Eschewance of the Unrealistic

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Lake Tahoe from Jessie’s Peak.

Well… if you haven’t noticed by now, I’ve found college to be more time consuming then initially anticipated. It’s not that I was under the impression earning a degree was going to be a cakewalk, but by no means was I expecting quite the level of “life consumption” that has so far been the norm. I suppose, then, that the key word is earned. A college degree isn’t a given, it’s something that has to be acquired through hard work, dedication, and a commitment to a better, more fulfilling future. In this situation, I find James 1:12 to be particularly relevant and reassuring: “Blessed is the man who remains steadfast under trial, for when he has stood the test he will receive the crown of life, which God has promised to those who love him” (ESV). College is just another trial (moral, cognitive, developmental) that comes on life’s road for many of us, yet when we push through to the other side we are more capable of embracing the fullness that God has in store for our collective future.

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American Coot

Over Christmas break I’ve had the chance to contemplate some of what’s happened over the past several months. Though I no longer spend copious amounts of time in the mountains praying—disheartening, for sure—I have developed a greater appreciation for fleeting periods of respite. I used to limit my “true” enjoyment of restful activities to those lasting several days or longer. Now, I find myself appreciating a restive thirty minutes to no end.

It took awhile to realize that my old spiritual normal wasn’t going to cut it in my new life, and during the interim my spiritual walk got a little dull. Praying in the morning. Check. Reading the bible for a bit each day. Check. Remaining aware of God throughout the day… a challenge to say the least. But this challenge is partly of my own making. I’d previously set such high precedents for my day to day spirituality that when I couldn’t meet my goals, I simply gave up with the excuse, “I’m a college student, I don’t have the time.” God will never allow our lives to wholly overwhelm our Christian walks, though it may outwardly appear as such. So wouldn’t it make more sense to be appreciative of the time we can spend in pursuit of the Father rather than complaining about the time we can’t? This is a realization that hit home in my life in numerous ways.

In addition to setting obstructively high standards in my Christian life, the lack of blog activity over the past weeks is evidence of inconveniently lofty expectations set in my first two posts. I started this blog with the thought, “oh, it couldn’t possibly be too hard to post my thoughts on faith, college, and who knows what else a few times a week.” As it turns out, writing a blog can be a bit like college—that is, hard. So in an effort to pursue God’s direction earnestly, I’m endeavoring to lower my standards. No, this doesn’t mean moral failing or altered theology! But it does mean a greater embrace of what time I can spend in pursuit of God’s love… and more realistic blog expectations. No more highfalutin vocabulary. No more self wrought “minimum length” requirement. And no more false niceties, unrealistic idealism, or legalistic scriptural quotation. From now on I’m going to write what God directs me to when He directs me to in the style and vocabulary He directs me to do it. I simply want to be real as a demonstration of the unique individual that I am called to be in Christ. Is God going to have me writing several times a week? Is He going to guide me to simply post a single scripture or a 5,000 word reflection? Only future postings will determine the answers to these questions. But until the answer is manifest, I’ll leave you with a scripture and a few photos from some recent, restive wanderings to usher in the new year.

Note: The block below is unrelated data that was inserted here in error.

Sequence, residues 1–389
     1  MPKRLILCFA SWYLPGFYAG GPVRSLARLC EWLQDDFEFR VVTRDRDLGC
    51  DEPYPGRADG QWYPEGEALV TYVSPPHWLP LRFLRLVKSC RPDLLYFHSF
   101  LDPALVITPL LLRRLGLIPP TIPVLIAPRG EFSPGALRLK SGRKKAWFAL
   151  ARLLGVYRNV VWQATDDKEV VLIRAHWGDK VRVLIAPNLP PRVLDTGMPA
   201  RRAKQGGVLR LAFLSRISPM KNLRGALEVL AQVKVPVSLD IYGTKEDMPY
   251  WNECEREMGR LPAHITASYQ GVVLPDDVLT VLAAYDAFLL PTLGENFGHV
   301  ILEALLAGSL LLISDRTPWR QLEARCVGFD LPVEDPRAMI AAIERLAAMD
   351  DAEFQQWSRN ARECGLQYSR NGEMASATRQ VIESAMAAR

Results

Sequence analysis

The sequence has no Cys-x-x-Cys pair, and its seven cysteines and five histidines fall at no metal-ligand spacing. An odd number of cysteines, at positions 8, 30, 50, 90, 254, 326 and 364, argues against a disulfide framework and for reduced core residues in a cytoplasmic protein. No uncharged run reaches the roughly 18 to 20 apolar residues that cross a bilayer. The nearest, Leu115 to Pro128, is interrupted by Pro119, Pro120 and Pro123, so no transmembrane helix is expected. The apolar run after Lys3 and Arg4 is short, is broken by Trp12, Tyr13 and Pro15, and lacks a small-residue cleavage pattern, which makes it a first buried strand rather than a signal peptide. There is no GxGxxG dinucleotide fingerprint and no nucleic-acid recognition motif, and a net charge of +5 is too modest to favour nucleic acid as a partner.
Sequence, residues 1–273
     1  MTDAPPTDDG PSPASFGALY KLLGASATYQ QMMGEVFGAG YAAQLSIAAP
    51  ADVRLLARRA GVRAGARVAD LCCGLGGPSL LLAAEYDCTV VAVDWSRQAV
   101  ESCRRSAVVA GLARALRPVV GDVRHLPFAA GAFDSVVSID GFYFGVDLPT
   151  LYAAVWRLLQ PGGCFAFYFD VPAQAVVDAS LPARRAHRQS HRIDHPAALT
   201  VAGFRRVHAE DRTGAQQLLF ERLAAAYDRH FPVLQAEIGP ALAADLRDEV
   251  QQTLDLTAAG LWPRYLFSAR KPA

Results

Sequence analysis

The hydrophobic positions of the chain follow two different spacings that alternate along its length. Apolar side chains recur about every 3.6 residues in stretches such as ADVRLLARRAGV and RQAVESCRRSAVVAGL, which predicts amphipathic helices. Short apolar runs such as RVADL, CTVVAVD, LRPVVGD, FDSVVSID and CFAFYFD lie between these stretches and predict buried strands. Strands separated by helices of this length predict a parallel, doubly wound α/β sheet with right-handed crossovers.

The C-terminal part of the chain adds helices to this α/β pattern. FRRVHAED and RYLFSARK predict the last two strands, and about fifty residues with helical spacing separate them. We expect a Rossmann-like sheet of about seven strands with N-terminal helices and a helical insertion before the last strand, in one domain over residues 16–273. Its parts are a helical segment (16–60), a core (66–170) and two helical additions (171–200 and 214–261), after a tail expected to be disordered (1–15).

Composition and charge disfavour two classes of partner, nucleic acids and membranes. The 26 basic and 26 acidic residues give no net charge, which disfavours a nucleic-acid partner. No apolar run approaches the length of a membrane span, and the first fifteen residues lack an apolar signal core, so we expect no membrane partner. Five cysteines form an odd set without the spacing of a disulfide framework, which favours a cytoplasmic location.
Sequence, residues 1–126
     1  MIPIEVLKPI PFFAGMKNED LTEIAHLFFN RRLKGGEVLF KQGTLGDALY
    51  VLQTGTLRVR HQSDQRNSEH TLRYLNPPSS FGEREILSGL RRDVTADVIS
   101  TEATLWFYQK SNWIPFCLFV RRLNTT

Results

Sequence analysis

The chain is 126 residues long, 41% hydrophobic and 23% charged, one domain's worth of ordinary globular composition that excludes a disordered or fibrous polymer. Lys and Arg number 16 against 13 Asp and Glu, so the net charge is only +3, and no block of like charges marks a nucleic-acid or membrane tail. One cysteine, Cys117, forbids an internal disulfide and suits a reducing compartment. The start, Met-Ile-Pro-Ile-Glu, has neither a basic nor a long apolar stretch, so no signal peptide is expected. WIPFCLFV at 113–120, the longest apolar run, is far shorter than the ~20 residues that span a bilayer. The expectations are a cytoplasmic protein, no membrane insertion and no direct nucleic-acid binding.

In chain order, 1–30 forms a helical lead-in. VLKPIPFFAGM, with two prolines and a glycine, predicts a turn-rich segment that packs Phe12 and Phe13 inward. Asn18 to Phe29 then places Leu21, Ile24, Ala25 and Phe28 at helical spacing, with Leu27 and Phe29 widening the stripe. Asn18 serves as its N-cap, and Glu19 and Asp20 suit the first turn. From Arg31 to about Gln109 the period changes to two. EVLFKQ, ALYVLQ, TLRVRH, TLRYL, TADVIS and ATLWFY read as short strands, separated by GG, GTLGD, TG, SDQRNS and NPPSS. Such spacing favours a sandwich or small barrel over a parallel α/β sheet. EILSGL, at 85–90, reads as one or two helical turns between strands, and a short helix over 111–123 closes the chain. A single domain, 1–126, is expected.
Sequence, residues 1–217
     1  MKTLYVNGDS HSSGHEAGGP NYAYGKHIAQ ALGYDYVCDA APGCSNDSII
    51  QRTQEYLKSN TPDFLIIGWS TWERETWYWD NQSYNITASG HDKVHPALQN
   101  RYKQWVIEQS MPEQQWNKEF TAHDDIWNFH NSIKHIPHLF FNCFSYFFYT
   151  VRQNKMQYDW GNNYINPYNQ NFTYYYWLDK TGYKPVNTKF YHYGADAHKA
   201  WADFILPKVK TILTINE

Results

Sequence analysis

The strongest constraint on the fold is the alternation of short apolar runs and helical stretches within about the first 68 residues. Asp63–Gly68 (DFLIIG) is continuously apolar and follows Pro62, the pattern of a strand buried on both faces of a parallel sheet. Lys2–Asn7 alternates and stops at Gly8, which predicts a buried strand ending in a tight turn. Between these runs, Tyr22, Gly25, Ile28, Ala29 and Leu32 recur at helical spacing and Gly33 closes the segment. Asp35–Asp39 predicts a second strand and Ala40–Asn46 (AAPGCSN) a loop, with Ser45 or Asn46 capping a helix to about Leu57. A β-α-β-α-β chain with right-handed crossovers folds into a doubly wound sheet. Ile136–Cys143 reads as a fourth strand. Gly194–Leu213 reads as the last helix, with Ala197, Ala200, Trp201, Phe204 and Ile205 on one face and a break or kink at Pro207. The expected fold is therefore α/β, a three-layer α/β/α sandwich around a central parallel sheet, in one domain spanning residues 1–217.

“Many are the plans in the mind of a man, but it is the purpose of the Lord that will stand” (Proverbs 19:21 ESV).

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“Drifting Shadows”

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“Buried Friends”
Photo captured with an iPhone 4.

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Skiing into the New Year.